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  • TV Review: Harry’s Law

    January 19th, 2011

    By Danny Manus

    I tell my writers that creating their own voice is what’s going to set them apart, get them noticed, and give them a longstanding career. There are very few names in drama television – as far as writer/producers go – where their voice is known throughout the land and their names truly mean something to the viewing public (and not just those of us living and working in Hollywood). Sorkin, Milch, Chase, Wells…and Kelley.

    Their voices live on in some of the greatest characters and lines of dialogue ever written. Their names are to be revered. They are to be studied. They are to be loved. 

    But sometimes…some of these names need to be told …No. And this is much the case with David E. Kelley’s new show “Harry’s Law,” which premiered to pretty decent numbers on Monday night and as number 1 in the demo in their hour.

    Let me say this first – “Doogie Howser” and “LA Law” were two of the first adult shows I remember watching with my parents (along with “Dallas” and “Three’s Company”) and it made me not just love television – but love law as well. “Picket Fences,” though not as flashy as his other shows, was the one my family used to gather together to watch and I always loved it (and it launched Don Cheadle’s career). Then came “Chicago Hope,” which began my love affairs with Mandy Patinkin, Peter MacNicol and Christine Lahti and launched the career of Peter Berg among others. I can still remember singing along with Mandy and bawling my eyes out in the episode where (ten year old spoiler alert) Peter MacNicol’s character dies.  

    “The Practice” is in my top 10 all-time favorite shows without a doubt – total appointment television – and made me a huge Camryn Manheim fan. “Ally McBeal” will always have a fond Vonda Shephard place in my heart. Even “Boston Legal,” my least favorite of his shows, was still entertaining and quirky. And “Boston Public,” was my network television debut as I was an extra in two episodes and got to meet the cast (my friend worked on the show), but it made me love TV even more being a tiny part of it.

    So it’s with great sadness and reverence that I say that David E. Kelley has jumped the shark and I think someone needs to tell him…NO. His newest rehashing of old quirks and gimmicks and verbose leftwing soapbox rhetoric just doesn’t live up. Despite a convincing performance by Academy Award winner Kathy Bates, the rest of the show is just….silly. And not GOOD entertainment silly like Ally McBeal. Not SO over the top silly that it’s actually funny like Boston Legal. It’s just….silly.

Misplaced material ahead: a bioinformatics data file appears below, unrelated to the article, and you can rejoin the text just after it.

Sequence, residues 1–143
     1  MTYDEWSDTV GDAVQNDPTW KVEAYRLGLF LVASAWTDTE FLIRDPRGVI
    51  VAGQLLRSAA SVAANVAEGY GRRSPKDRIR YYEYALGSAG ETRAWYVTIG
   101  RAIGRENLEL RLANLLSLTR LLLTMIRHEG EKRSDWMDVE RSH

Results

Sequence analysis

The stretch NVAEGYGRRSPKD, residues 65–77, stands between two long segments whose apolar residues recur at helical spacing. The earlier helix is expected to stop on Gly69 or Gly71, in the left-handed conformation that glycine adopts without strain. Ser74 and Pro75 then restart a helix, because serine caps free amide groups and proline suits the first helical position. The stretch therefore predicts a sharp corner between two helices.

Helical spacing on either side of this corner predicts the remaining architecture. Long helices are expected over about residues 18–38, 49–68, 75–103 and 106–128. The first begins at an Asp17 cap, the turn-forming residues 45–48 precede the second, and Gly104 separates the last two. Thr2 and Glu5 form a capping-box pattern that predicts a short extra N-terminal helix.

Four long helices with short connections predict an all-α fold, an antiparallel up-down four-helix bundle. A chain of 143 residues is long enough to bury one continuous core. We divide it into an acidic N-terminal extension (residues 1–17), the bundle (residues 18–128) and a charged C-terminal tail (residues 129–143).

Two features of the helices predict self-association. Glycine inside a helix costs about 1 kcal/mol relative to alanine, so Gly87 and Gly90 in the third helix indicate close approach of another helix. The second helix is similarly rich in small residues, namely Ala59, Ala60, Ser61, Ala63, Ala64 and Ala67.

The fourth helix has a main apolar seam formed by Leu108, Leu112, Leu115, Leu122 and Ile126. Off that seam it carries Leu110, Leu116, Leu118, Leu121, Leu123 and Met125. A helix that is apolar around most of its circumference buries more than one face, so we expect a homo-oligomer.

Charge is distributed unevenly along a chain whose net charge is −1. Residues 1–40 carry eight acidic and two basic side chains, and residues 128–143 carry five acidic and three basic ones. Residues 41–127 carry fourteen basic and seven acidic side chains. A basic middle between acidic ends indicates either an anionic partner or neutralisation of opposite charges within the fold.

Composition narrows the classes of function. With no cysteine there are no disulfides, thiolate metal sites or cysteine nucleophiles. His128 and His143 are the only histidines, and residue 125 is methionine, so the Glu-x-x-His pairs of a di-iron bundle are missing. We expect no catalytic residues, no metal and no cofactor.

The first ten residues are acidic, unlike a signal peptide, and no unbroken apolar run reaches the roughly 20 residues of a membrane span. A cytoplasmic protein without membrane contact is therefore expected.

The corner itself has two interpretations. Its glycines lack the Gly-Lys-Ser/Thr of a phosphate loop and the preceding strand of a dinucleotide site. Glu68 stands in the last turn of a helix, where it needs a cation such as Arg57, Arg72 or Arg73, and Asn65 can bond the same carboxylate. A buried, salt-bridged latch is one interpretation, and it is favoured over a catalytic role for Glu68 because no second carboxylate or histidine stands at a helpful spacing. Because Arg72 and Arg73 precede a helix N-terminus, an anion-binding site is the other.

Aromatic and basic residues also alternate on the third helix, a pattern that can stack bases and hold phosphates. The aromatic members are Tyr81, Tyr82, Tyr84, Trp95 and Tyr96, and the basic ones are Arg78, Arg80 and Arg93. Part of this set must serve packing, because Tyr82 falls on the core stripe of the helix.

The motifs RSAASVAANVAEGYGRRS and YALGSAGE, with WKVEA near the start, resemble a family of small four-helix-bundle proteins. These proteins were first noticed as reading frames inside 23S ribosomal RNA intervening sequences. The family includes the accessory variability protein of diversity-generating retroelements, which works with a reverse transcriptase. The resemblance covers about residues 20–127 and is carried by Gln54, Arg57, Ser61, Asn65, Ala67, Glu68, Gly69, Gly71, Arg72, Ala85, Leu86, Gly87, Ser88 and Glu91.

First off, he moved the show’s location to Cincinnati and yet the streets look exactly the same as his Boston sets. And I kind of feel the city’s location was whispered as it gave Kelley a pain in his heart not to say Boston in the first few words of dialogue. And there’s nothing interesting about Cincinnati

    Second, while I love Brittany Snow and I was a fan of Nate Cordry’s when he was on Sorkin’s “Studio 60”, I don’t think either of them have the depth of talent or consistency of timing YET to pull of Kelley’s awkwardly paced quirky dialogue and this was most evident in Cordry’s courtroom scene where he just keeps going on (louder and louder) without realizing he’s trying too hard. And we can see it.

    The beauty of Peter MacNicol, Greg German, John Larroquette or Camryn Manheim is that their characters’ quirks and ticks, mannerisms and timing were just…natural. They didn’t feel like they were trying to hit the mark how Kelley told them to. And the actors of Harry’s Law have not worked out the kinks yet. Now, Nate Cordry took over for Ben Chaplin (who was in the pilot when it was bought and whom I can’t see being funny at all), so perhaps it will just take some time.

    But the quirks themselves – guest star Paul McCrane’s double speak stammer, Cordry’s rapid fire courtroom shtick, Bates’ gun-toting potty mouth, Christopher MacDonald’s grandiose flashyness, Snow’s love of fashion, and every black thug character’s heart of gold – he’s done it all before. And the whole Law Firm/Shoe Store gag – it was done much better with the bowling alley law firm on NBC’s “Ed” a few years back (which btw launched the careers of Justin Long, Gennifer Goodwin and Julie Bowen and was a more heartfelt show).

    And this time around, it feels like David E. Kelley would rather grandstand about his favorite issue of the day then tell a story and make us laugh or care or think. He’d rather pummel us with liberal bias, the same types of rants that got Studio 60 cancelled after one season.

    So if I was NBC, I’d tell Kelley to take a week off and go observe people who are different from him – not liberal, not lawyers, not in Hollywood – and come back with some new stories, new quirks, new characters, and new ideas. Otherwise, Harry’s Law is going to be found guilty of the worst crime in television – unoriginality. And the sentence is one 13-episode season.

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